Netanyahu, Katz, Lapid announce port tenders 370.
(photo credit: Koby Gideon/GPO)
The government on Wednesday published tenders for companies to build two private
ports, one in Haifa and one in Ashdod, to compete with the existing ports in
those cities, accused of corruption, mismanagement and inefficiency.
reforms “will greatly increase competition, lower the cost of living and lower
costs for almost all products that we buy in the State of Israel,” Prime
Minister Binyamin Netanyahu said.
“This will also make our exports much
more attractive. Nothing influences the cost of living as strongly as the flow
of products and raw materials and our export goods that go out through Israel’s
Netanyahu issued a blunt warning to the Histadrut labor
federation that efforts to upend reforms would not be tolerated.
will stop us,” he said. “I am not prepared to accept this monopoly.
over. I am telling my friends in the Histadrut and the large workers’ committees
that it’s over. No longer will 2,000 people strangle the economy, paralyze the
country and prevent us from advancing toward the future that awaits
By press time, the Histadrut had not issued an official response to
In May, the Transportation Ministry outlined ways to
subvert a possible port strike, which, according to the Israel Manufacturers
Association, would cost the business sector NIS 340 million in revenue, and cost
the economy some NIS 200m., each week.
More than 60 percent of the
nation’s GDP is represented by the flow of goods in and out of the ports, making
them a crucial gateway for the economy. A study on general Israeli transport
estimated that wages were overblown by 34%.
The ports’ average monthly
wages are the highest of any state-owned enterprises; at Ashdod Port, where
union chairman Alon Hasson stepped down in June over corruption allegations,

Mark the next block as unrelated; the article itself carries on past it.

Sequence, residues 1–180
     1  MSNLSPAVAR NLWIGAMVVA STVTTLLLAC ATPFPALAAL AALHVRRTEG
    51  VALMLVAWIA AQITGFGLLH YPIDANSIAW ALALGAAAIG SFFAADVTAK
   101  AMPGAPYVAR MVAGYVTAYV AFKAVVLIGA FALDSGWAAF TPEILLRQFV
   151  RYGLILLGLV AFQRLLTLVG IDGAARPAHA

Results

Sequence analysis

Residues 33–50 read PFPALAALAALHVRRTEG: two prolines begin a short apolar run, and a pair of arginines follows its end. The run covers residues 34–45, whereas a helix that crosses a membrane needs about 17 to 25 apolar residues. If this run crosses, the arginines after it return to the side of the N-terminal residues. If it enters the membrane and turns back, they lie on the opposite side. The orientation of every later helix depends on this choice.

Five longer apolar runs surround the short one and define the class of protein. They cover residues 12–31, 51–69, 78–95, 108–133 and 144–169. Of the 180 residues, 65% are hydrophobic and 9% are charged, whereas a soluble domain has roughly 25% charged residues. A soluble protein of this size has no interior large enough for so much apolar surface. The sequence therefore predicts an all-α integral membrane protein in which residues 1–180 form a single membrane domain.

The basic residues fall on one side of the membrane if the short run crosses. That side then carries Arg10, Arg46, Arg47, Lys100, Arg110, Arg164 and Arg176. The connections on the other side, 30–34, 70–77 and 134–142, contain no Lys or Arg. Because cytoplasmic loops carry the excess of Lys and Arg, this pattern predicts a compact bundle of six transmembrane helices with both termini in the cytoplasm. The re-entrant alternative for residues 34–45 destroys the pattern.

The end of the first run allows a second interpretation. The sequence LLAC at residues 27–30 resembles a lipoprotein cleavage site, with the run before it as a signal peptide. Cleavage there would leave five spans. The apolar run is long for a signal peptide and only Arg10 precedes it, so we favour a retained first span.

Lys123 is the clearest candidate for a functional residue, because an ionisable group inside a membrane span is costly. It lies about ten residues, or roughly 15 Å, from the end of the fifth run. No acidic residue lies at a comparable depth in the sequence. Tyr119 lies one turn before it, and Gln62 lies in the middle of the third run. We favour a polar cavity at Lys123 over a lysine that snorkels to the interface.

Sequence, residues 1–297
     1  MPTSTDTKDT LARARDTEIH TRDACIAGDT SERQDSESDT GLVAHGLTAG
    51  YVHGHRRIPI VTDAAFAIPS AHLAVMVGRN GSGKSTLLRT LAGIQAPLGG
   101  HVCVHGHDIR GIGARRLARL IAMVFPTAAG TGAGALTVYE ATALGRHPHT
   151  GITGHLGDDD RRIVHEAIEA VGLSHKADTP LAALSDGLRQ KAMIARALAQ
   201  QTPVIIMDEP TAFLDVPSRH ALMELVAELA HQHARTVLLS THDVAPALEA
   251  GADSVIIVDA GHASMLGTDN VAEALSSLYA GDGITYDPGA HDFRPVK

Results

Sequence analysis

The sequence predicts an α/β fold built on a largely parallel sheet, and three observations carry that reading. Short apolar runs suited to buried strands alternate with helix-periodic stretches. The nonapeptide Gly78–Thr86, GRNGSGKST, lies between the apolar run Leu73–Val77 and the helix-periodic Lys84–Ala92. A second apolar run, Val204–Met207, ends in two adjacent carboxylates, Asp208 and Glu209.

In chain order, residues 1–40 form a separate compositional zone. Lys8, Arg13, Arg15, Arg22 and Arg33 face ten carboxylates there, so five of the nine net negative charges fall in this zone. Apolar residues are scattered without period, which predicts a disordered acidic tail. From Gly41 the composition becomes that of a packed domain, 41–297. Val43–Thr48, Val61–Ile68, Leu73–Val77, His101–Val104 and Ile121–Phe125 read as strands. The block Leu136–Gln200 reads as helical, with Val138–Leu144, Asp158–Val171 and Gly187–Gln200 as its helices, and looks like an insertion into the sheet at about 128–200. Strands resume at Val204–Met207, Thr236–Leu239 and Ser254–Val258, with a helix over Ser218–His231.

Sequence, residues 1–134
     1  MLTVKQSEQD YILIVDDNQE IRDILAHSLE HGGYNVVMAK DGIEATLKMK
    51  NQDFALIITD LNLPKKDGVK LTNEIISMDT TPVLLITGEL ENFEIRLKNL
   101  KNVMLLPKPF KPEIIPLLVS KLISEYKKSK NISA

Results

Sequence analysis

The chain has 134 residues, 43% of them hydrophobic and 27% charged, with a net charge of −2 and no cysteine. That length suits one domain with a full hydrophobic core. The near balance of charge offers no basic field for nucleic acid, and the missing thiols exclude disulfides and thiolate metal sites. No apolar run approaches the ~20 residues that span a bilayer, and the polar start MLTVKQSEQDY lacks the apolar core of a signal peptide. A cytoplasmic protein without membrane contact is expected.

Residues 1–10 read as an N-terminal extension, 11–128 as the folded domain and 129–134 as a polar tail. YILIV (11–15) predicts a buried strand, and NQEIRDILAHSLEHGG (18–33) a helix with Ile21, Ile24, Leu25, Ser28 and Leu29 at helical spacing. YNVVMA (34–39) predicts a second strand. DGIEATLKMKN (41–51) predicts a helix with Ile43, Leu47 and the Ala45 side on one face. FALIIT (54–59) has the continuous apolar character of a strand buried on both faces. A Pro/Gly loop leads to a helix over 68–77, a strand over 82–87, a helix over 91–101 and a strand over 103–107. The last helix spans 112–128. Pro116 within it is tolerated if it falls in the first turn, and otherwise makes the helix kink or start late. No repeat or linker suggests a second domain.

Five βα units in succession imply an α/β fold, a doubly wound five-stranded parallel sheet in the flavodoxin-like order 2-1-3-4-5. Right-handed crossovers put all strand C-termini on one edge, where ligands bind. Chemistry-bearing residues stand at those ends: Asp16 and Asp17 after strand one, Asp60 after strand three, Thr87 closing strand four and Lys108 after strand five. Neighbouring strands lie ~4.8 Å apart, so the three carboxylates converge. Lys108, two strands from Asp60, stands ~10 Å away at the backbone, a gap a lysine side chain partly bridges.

they stood at NIS 32,407.
“We will put an end to the reality in which
regional and national monopolies at the ports control the Israeli economy,”
Transportation Minister Israel Katz said on Wednesday. “They not only cost us
dearly, but they also stifle the development of Israel’s maritime transport
The Israel Shippers Council praised the move as “better late
than never,” saying that building new docks would take five to seven years, even
as the current ports lagged behind in necessary capacity.
Minister Yair Lapid noted that the ports were just one of several areas for
which the government was pushing through reforms.
“The most prominent
thing about this government is that we’re here to work, from gas to the ‘going
to work’ program and equality in sharing the burden,” he said.
outlined reforms as one of five growth engines for the economy.
first is reforms, reforms and more reforms in order to cut bureaucracy, increase
competition, lower prices and lower the cost of living in Israel,” he said.
“This is of incomparable economic and social importance and it starts, but does
not end, at the ports. We began with Open Skies, and now we’re going to Open
Seas and this is welcome news.”
The government approved the Open Skies
Agreement to increase airline competition in April, and stood down a brief El
Al-led strike that followed.
The other engines, he said, were Israel’s
natural gas, opening up export markets such as China, integrating ultra-Orthodox
men and Arab women into the labor force, and Israeli technology, “not only in
terms of technological exports, but in terms of wiring the country with fiber
optic cables in order to increase the accessibility of every Israeli boy and
girl to the new world that is developing.
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